Interview with Derek Redmond
You are an admirable example of willpower and endurance. Where does your energy come from?
I think my energy comes primarily from my attitude and I definitely got that from my Dad. He gave me loads of advice, starting from a very young age, and taught to take a business approach to my career. Not so much in terms of making money but more about meaning business and taking things seriously.
Dad came from a very poor background in Trinidad but, when he arrived in Britain in the 1950s, he soon realised there were opportunities to be taken – that’s what he did!
What similarities do you see between business and athletic teams?
Some might see it as a cliché but there’s something to it – sport is business and business is sport. If you look at the mind sets of successful business people and sportspeople, there’s not much difference at all. They’re self-starting, entrepreneurial and they never take no for an answer.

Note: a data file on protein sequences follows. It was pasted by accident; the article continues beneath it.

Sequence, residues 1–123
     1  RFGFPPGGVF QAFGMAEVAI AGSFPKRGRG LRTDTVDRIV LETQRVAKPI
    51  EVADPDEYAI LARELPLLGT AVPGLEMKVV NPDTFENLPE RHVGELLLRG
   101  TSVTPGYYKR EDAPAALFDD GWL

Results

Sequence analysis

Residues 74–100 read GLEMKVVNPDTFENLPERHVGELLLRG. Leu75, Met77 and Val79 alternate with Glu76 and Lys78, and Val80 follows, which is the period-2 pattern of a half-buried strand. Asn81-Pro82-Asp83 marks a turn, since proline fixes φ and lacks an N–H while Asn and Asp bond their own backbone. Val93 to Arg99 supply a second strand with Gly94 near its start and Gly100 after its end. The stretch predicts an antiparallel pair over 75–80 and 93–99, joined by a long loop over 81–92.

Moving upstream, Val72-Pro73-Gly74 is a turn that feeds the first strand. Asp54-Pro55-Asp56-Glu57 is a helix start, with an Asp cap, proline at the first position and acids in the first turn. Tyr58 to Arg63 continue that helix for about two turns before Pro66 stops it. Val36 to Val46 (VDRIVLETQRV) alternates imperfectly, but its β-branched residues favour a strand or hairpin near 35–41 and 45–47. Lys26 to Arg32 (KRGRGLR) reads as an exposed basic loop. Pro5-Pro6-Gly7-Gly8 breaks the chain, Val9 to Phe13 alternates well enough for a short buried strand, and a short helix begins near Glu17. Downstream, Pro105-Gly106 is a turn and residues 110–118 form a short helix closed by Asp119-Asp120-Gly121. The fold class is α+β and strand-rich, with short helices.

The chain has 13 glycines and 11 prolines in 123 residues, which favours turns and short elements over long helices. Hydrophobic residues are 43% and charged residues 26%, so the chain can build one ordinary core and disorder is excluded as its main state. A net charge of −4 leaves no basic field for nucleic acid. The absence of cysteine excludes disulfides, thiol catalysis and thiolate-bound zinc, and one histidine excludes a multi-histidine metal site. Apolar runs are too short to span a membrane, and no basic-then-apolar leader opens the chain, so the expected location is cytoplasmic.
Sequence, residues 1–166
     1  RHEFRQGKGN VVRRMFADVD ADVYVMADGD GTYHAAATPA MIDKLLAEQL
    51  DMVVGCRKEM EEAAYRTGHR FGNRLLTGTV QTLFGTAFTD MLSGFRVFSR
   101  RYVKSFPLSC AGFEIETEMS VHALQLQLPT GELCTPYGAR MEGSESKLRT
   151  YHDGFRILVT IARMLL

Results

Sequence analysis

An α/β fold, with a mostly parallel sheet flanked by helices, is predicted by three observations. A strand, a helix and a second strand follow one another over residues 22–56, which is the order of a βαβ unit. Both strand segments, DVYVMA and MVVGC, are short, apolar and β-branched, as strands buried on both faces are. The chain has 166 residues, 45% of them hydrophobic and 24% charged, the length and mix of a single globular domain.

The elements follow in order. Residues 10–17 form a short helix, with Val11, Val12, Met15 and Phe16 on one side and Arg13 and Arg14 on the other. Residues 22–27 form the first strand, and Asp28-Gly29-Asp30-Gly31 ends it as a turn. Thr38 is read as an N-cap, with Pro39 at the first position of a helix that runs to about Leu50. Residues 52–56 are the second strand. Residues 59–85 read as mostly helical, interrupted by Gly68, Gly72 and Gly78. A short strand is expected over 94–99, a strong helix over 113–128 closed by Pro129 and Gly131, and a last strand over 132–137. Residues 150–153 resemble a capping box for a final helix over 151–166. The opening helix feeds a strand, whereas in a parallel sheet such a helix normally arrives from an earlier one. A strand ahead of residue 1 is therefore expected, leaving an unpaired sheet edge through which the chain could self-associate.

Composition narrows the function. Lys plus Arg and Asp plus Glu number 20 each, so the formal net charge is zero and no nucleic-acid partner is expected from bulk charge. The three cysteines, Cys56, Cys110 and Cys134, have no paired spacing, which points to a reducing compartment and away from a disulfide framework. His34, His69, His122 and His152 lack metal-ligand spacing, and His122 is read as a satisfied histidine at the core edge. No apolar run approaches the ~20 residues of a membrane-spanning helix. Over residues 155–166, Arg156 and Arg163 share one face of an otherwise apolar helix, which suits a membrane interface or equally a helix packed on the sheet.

Why should clients use you for their next event?
Well, I think I have a unique understanding of what it takes to get to the top. No matter which arena you’re competing in, the same qualities are required and I have my own way of getting that across to my audiences. I know about the sacrifices you have to make and, from experience, I have learnt how to cope with setbacks and, ultimately, overcome them.
What do you personally gain from public speaking?
Simply put, I love doing it – I could talk for England and I really enjoy seeing people realise they can achieve more than they thought they could when they first walked in the room. I get a particular kick out of seeing the moment the penny drops for an individual, that moment of revelation – you can see it their eyes. That’s why I do it!
What is the most unique experience you have had as a result of your job as a motivational speaker?
Every presentation is different to all the others – unique surroundings, a fresh audience – there are different dynamics at work every time. I get a massive buzz passing on my message and I like performing for crowds, often the bigger the better.
An audience of 25,000 is a bit easier to read than an intimate one of, say, five people like one I did recently, as people tend to go with the flow and get involved. Small audiences perhaps make people slightly more self-conscious and the trick then is to relax them and get them to interact – that way I can feed off them.
As I say, I really enjoy motivational speaking and I’m privileged to be able to do so, but, to be honest, it doesn’t quite match up to winning a World Championship. We can’t have everything, can we?